In 1909, the futurist poet Marinetti in their manifesto expressed a call for the celebration of speed, youth and aggression. Since then, artists like Duchamp, Muybridge, Balla and others have tried to closely imitate the sense of motion in their works. Their works reflected the beauty of graceful movements of human and animal body, ana a better understanding, ergo, representation of it. Their illustrations were modest derivations of ‘chrono’ (time) photography. Their photographs, paintings, etc attempted to eliminate the phenomenon of smooth pursuit of the eye; incorporated the depiction of visual frames or after images (lags), giving the illusion of movement in an otherwise static piece. Additionally, the object of interest may have been peaked by invention of the motion camera at the same time. No wonder there are fundamental similarities between the works of the photographs of Éntienne Jules Marey like the Running Man and Marcel Duchamp's Nude Descending a Staircase, No. 2.
Despite their initial mistrust, the Futurists came to embrace photography with infectious enthusiasm (read more).
OBSERVATIONS OF OBJECT AND CAMERA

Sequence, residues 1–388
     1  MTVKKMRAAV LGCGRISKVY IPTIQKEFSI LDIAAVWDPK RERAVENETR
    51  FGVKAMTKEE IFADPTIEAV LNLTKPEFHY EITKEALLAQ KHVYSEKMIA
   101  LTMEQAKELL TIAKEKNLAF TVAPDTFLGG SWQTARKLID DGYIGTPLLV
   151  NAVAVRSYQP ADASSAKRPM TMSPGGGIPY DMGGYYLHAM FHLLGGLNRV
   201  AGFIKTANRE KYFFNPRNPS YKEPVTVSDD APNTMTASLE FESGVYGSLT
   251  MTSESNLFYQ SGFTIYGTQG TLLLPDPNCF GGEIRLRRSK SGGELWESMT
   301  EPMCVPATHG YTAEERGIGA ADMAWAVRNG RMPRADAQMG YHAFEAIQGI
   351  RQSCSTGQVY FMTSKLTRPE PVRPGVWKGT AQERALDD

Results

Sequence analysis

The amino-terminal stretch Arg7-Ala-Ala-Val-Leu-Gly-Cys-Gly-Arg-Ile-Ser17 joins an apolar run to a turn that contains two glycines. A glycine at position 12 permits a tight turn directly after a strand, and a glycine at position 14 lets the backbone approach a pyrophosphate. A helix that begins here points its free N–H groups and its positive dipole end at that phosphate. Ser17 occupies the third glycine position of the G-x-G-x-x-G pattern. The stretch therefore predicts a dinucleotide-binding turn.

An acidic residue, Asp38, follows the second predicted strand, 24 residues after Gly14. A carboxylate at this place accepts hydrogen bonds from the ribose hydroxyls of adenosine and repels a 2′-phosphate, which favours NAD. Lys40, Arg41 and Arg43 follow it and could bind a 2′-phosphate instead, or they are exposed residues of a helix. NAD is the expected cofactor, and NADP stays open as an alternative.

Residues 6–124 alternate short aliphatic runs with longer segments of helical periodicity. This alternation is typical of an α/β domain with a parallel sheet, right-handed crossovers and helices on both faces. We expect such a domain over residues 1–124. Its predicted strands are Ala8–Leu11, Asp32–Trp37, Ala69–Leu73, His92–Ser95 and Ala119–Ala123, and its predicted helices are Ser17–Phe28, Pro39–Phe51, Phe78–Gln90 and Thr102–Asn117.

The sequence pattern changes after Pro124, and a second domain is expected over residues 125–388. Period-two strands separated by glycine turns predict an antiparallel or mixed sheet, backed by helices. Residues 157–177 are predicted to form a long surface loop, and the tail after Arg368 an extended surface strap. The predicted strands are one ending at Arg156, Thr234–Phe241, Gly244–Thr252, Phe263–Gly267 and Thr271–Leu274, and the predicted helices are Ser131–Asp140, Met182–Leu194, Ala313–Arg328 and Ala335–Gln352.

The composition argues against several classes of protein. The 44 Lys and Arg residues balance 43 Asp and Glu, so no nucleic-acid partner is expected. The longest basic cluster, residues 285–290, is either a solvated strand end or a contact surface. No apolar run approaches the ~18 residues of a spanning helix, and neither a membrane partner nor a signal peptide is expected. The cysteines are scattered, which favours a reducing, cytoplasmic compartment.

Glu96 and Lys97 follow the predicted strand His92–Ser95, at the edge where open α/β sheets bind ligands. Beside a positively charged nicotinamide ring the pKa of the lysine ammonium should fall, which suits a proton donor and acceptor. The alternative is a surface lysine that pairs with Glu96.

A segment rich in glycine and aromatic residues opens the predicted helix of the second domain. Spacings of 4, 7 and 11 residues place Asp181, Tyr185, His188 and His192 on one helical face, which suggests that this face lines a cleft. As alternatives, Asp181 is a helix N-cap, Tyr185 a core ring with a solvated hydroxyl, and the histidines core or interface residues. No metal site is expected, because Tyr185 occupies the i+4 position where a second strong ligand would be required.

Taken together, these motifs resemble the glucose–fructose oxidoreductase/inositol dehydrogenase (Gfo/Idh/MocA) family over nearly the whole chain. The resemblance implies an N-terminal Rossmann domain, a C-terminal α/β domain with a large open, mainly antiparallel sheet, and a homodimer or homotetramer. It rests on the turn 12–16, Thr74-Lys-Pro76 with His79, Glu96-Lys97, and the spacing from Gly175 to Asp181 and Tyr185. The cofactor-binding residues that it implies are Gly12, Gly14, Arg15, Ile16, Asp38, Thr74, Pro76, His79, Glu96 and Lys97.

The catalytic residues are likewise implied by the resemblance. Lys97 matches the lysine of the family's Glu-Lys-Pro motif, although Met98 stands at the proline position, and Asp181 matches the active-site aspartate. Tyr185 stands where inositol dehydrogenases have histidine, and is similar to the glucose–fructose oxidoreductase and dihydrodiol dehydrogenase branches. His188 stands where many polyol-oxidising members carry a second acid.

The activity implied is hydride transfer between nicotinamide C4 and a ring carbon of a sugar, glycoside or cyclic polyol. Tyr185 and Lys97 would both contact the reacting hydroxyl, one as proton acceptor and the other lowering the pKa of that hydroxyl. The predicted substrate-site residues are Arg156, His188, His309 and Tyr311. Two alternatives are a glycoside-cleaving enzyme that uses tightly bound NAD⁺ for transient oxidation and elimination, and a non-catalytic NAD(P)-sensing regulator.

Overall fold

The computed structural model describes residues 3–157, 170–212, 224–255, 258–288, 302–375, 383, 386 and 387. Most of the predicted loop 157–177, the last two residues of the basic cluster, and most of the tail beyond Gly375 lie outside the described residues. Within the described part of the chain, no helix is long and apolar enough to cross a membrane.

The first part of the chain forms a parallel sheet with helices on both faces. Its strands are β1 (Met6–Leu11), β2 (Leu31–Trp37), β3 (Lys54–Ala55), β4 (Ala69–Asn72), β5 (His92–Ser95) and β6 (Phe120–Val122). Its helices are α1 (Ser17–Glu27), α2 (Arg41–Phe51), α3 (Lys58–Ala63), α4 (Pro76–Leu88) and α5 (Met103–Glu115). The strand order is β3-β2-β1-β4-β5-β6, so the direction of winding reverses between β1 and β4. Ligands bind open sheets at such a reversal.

As objects in a scene move, an image of that scene must represent an integration of all positions of those objects, as well as the camera's viewpoint, over the period of exposure determined by the shutter speed. In such an image, any object moving with respect to the camera will look blurred or smeared along the direction of relative motion. This smearing may occur on an object that is moving or on a static background if the camera is moving. In a film or television image, this looks natural because the human eye behaves in much the same way.
Without this simulated effect each frame shows a perfect instant in time (analogous to a camera with an infinitely fast shutter), with zero motion blur. This is why a video game with a frame rate of 25-30 frames per second will seem staggered, while natural motion filmed at the same frame rate appears rather more continuous. Many modern video games feature motion blur, especially vehicle simulation games.